HTML/CSS Frameworks: Useful, Universal, Usable, Unobtrusive
This is not necessarily all wrong but somewhat dated. I threw all the experience I could muster into a little book on the matter: Check out The Little Book of HTML/CSS Frameworks for a fresh look at, frameworks.
A high quality HTML/CSS framework needs to have four attributes: useful, universal, usable, and unobtrusive. The four U’s.
Useful. If an HTML/CSS framework doesn’t do what sites and the people behind the sites need, it’s useless. Garbage. Most HTML/CSS frameworks aren’t useful. They solve problems nobody has (for example, an infinite number of columns), or they ignore problems everyone has (for example, core maintenance after n months). For an HTML/CSS framework to be useful it must only address problems more than, say, 90% of all target documents have. That excludes framework customization—see Usable.
Universal. A high quality HTML/CSS framework wants to be used by as many documents as possible. And given that it might be, it then doesn’t want to do any harm. That is, it does not play havoc with any on-top layout, and it doesn’t significantly slow things down, either—see Unobtrusive. It is fine to limit the scope of “universal,” for example to a company. Public frameworks don’t limit their scope. All of them fail at being universal. (Stay with me.)
Usable. A usable framework is easy to understand and can be dumped into pretty much any document, all of this without customization. (This doesn’t mean people should do it.) You’ll see enough crazy things happening once the framework is in production. People don’t want to customize, and of those who want, most will do something you don’t expect, and be it to modify their local copy of the framework in creative ways. To make a framework usable, use as few IDs and classes as possible, narrow layout options to the most probable ones—see Universal—, and generally keep it simple.
Unobtrusive. The best framework can not even be seen. You barely feel it. It’s like a ghost stroking your hair. It doesn’t slow documents down. It blends into the source code. It’s almost invisible. Alas, you can smell the most popular frameworks from a mile away. Maybe it’s because the document is showing in the status bar that it’s loading something from a foreign hostname. Maybe it’s because the fancy 12 column grid is only offered by framework x. Maybe it’s just paranoia. In order to make an HTML/CSS framework unobtrusive, you need to keep things simple once again, and pull out every “best practice” card you have.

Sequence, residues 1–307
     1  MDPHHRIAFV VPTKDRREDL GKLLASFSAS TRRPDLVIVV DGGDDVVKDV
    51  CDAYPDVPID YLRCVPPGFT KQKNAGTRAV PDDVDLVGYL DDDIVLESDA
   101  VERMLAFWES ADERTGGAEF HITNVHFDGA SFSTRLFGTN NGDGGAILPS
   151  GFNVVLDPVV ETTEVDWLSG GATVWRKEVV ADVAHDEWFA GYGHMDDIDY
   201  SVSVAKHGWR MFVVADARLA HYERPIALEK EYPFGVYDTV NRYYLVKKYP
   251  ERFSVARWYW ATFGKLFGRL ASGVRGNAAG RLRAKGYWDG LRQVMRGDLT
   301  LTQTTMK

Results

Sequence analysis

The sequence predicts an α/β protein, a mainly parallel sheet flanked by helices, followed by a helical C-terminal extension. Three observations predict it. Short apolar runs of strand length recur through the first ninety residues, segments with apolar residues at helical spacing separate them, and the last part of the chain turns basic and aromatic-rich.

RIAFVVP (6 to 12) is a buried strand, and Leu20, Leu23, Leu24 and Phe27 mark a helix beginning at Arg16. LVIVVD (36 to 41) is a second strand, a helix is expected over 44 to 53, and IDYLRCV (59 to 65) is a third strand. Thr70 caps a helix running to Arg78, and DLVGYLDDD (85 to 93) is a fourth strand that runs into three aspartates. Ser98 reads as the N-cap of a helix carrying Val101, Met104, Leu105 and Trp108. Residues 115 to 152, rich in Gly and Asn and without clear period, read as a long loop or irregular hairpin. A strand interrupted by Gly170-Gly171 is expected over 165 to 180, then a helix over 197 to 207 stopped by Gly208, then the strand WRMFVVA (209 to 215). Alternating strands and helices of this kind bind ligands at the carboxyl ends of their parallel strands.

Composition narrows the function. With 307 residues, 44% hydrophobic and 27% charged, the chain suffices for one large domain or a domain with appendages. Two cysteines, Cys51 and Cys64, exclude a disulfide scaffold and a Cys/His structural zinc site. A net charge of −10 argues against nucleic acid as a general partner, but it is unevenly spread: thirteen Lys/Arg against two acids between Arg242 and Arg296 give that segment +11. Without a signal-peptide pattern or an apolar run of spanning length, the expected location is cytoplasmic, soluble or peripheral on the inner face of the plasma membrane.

Now that we think about it, maybe the universal margin and padding reset—the one I had to tweet about again for simplicity reasons—is the only HTML/CSS “framework” that ever gets close to these requirements. (Choke certainly does not.)
I at least, the grim web developer, am too much in love with tailored solutions. And so I might share more about this framework I wrote for Google, maybe, the one that I referenced so subtly in July. (And yet this is still a personal post.)
I’m Jens Oliver Meiert, and I’m a web developer (engineering manager) and author. I love trying things, sometimes including philosophy, art, and adventure. Here on meiert.com I share some of my views and experiences.
If you have questions or suggestions about what I write, please leave a comment (if available) or a message.
Thanks for the ending teasing…
This go.css made me do some regular expression to make it readable (but still uncomprehensible).
Nice post, but I’m still wondering if a great HTML/CSS framework can exists (depending of the “framework” definition). Maybe if you have to make a billion pages for an huge customer. But for different customers?
Through the time I made a kind of HTML/CSS squeletton I use in each project I work on. But I find it still uncomplete… (I’m sure you can help 😉 )
BTW, isn’t there a problem with the Choke’s file weight in your post ? (Choke 1.0 (ZIP, 189,210,670 KB))
If I should define CSS Framework in one sentence I will say: CSS Framework is making high level reusable CSS Code
On November 20, 2009, 10:39 CET, Thomas @ DailyThomas.com said:
Maybe, one day, I’ll start using a html/css framework. For now, I just don’t see the benefit of it. Maybe I’m just too conservative… I also still use wsftp95 for uploading my files… lol !
On November 24, 2009, 14:34 CET, Richard said:
There will probably never be an ideal HTML/CSS framework but often it is a case of just avoiding reinventing the wheel (even if the wheel we are using is a little wonky and doesn’t handle corners well, ha ha).
Do you have have any recommendations on frameworks that meet or come close to your ideals?
Just give me some pieces of 4 by 2 (timber), nails and a hammer and all is well. I build up code fragments like this in NoteTab.
<code < > ^!InsertHtml <CODE><^&></CODE> <li><a href="" ^!InsertHtml <LI><A href="">^&</A></LI>
This produces this in the source.
<code><></code> <li><a href=""></a></li>
You can create some very large code fragments and even optional selection boxes. Take some time to build up though.
Frameworks look so bloated in comparison.
On December 23, 2009, 18:54 CET, Alan said:
Meiert’s four U’s sounds like a good principle to me, Maybe i should be concentrating on the last one since it looks like google will be leaning more and more on the speed of websites after adding the speed section to the webmaster tools.
Sounds good Jens, but a lot of those HTML-& CSS-Frameworks includes a lot of code-overhead you don’t really needs (mostly). Therefore I reduce it, as much as I can and the web-projetc needs.
Have a look at the most popular posts, possibly including:
Perhaps my most relevant book: CSS Optimization Basics (2018). Writing CSS is a craft. As craftspeople we strive to write high quality CSS. In CSS Optimization Basics I lay out some of the most important aspects of such CSS. Available at Amazon, Google Play Books, and Leanpub.
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